Figuring out scholarship numbers and fitting in a recruiting class can be a confusing exercise. Here's a look at where Miami currently stands.
The NCAA rules on how many scholarships can be offered, kids can be signed, and the overall team scholarship limit can be extremely confusing to the average fan. Especially when scholarship info for the team is not officially or readily available. Thankfully, a dedicated user over at CanesInsight by the name of OfaceKilla has put together a helpful info-graphic to lay out where Miami currently sits (or at least where they should be.)
(Click to embiggen)
To help, I'm going to try and remind you all what the basic rules are as simple as I can. It all starts with the rule that teams are allowed a maximum of 85 scholarships per year. You can obviously have more players than that with walk-ons, etc. The size of the recruiting class that you can sign is determined by how many players you currently have on scholarship, which is then subtracted by that 85 number. For example:
85 total - 60 current scholarship players = 25 possible recruits
This is where it can start to get a bit murky. The NCAA allows for 25 recruits per cycle, with a cushion of up to 28. Some conferences work by their own regulations. For example, the SEC strictly limits classes to 25 with no cushion. The ACC, however, follows the NCAA rules and does not set their own standards. The murkiness comes in when you start to factor in early enrolling and back counting. To help you through this, I'll try and go slow.
Schools can sign more than the 25 (or 28) kids provided that some of them are enrolling early, and the school back counts them to the previous year. This is only possible if the previous year's class is under that 25(28) limit. Let's look at Miami's case. In 2012, the class included 33 recruits, 7 of which enrolled early (counted towards 2011.) This brings that class down to 26.There were three players that signed LOI's but did not finish the year at Miami. AJL was academically ineligible, Vernon Davis transferred, and Josh Witt was forced to end his football career. Of these three, AJL would be the only one who would not count towards the 2012 class, which brings it down to 25. These three, however, will not count against the total 85 scholarship limit for this year.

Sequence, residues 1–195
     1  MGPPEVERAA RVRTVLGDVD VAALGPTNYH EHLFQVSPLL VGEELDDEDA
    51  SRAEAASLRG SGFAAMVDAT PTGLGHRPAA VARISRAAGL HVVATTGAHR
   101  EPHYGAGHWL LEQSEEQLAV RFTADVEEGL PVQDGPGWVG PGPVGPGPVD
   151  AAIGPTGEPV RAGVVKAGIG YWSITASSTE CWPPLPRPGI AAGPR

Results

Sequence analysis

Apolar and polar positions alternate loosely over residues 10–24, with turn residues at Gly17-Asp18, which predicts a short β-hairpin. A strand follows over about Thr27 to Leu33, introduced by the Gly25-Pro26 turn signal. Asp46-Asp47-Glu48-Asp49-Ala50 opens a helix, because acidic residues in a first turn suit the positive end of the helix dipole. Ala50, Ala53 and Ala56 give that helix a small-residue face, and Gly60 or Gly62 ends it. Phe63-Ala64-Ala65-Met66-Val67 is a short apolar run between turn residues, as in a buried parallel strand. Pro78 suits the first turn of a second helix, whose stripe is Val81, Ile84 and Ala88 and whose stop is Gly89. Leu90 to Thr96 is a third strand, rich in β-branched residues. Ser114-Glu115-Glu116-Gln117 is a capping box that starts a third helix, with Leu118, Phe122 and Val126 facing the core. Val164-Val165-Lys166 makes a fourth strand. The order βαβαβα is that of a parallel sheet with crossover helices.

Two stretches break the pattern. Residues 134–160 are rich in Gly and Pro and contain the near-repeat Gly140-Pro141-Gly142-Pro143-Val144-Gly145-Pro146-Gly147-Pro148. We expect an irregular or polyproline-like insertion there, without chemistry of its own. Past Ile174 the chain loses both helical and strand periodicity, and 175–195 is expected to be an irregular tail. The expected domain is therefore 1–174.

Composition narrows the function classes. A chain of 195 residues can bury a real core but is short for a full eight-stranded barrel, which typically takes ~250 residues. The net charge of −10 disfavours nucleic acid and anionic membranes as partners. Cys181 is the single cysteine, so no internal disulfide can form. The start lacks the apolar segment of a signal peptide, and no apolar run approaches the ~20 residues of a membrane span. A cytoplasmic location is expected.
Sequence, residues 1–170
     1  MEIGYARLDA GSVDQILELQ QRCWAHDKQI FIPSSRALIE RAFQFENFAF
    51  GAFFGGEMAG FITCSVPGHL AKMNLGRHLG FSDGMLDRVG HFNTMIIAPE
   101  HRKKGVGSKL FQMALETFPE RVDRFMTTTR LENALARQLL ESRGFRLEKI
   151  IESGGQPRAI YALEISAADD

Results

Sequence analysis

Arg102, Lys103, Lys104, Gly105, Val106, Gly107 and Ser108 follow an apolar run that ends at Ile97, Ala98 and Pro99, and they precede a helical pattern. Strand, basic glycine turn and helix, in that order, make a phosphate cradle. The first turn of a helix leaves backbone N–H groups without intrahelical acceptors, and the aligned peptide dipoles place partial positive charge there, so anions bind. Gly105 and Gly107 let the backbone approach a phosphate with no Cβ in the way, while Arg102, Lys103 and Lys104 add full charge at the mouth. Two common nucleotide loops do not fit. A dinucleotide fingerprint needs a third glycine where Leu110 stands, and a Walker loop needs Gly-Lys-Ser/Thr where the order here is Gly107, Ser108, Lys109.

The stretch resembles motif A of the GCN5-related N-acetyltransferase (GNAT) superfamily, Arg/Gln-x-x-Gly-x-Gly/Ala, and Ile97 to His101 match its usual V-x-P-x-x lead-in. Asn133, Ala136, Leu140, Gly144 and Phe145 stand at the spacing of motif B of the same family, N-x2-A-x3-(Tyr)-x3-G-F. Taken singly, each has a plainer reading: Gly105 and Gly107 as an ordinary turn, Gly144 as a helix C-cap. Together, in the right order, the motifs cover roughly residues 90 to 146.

33 in 2012 - 7 EE's = 26
26 - AJL = 25
Now, Miami has four confirmed recruits enrolling early for this year's class: Beau Sandland, Sonny Odogwu, Hunter Knighton, and Alex Figueroa. None of them will be able to count towards last year's class, however, since the number remained at 25.
The next issue affecting numbers is players that are released. We all are aware by now that both Thomas Finnie and Gionni Paul are no longer with the team. This helps with the overall 85 limit, since it helps increase Miami's recruiting budget for this season. So, based on the chart above and a bit of damn blogger stats, Miami stands at 66 current scholarships. Subtracted from 85, that leaves a maximum of 19 kids that can be signed this year. Of course, Miami could sign more than that if they expect any sort of attrition in the form of existing guys becoming ineligible or transferring, or signed recruits not making it into school to begin with.
The current class stands at 13, and all are expected to be eligible when school begins. That leaves 6 remaining spots to be filled between now and national signing day, which is February 6th. Be sure to check out our recruiting page to see who the remaining targets are!